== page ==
Permanent supportive housing research shows outcomes that impact the community as well as the individual: improving medical appointment attendance, improving mental health appointment attendance, reducing medical inpatient admissions, reducing emergency room visits and reducing incidents of domestic violence and arrests.
All LTHC clients will benefit from the Engagement Center’s expansion of onsite physical and behavioral health services for the homeless, as well as substance abuse, mental health and domestic violence support groups.
“We know there is a direct link between health and homelessness,” said Layton. “If we want to improve their overall health, we must end their homelessness.”
When homeless individuals’ health issues require serious medical intervention, they often do not have an appropriate place for bedrest or recovery, nor assistance with basic services like wound care. Because they are unable to heal properly, the lack of appropriate respite in some cases leads to complications, further damage to their health and repeated visits to emergency rooms. Medical respite has been proven to improve recovery outcomes and reduce emergency room utilization.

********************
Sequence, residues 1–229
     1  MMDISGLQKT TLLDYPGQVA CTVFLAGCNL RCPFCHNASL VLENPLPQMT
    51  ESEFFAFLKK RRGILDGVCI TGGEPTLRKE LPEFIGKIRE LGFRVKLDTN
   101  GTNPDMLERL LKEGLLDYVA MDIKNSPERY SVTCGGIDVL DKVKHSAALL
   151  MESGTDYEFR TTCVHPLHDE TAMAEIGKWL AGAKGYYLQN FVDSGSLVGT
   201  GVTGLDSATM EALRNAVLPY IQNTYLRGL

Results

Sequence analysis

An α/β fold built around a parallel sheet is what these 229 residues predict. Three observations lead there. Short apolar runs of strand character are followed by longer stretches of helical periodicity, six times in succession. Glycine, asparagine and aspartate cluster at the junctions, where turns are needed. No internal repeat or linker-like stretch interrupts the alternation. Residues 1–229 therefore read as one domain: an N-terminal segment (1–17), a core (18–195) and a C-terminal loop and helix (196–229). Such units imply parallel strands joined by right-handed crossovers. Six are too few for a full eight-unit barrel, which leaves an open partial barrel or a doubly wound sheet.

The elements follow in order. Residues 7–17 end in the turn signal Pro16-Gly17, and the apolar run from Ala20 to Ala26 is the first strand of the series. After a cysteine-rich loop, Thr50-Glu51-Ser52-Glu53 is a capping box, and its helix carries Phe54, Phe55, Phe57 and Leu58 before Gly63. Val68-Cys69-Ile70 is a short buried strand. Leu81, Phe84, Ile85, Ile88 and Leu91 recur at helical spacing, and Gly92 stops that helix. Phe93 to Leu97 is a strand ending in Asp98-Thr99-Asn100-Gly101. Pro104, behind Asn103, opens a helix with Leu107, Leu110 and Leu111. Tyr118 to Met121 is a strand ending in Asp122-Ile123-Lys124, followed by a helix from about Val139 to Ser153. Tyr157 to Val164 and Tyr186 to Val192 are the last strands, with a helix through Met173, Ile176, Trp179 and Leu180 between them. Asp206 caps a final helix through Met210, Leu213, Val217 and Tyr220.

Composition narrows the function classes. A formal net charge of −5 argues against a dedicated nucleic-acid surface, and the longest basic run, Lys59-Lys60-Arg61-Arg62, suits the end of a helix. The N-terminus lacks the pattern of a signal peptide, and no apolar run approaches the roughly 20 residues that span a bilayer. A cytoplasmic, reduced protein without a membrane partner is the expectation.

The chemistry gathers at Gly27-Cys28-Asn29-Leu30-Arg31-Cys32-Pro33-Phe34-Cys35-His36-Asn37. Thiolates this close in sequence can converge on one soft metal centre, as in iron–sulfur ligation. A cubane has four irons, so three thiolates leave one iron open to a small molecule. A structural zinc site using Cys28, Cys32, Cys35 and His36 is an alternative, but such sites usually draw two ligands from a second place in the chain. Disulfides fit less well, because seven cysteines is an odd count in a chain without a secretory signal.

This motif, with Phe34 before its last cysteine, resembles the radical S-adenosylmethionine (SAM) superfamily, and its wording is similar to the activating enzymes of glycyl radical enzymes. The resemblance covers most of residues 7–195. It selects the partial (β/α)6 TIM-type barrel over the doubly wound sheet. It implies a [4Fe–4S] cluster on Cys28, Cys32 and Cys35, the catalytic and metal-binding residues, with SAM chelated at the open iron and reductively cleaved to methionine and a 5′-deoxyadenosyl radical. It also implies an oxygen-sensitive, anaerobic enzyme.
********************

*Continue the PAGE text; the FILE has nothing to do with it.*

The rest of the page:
LTHC wants to end the cycle by providing short-term respite rooms that allow homeless individuals the opportunity to recover in a safe environment while accessing medical care and other supportive services.
“Homeless patients who are discharged to a medical respite program experience 50% fewer hospital readmissions within 90 days of being discharged than patients who are discharged to homelessness. These types of outcomes improve the overall health of our entire community,” said Long.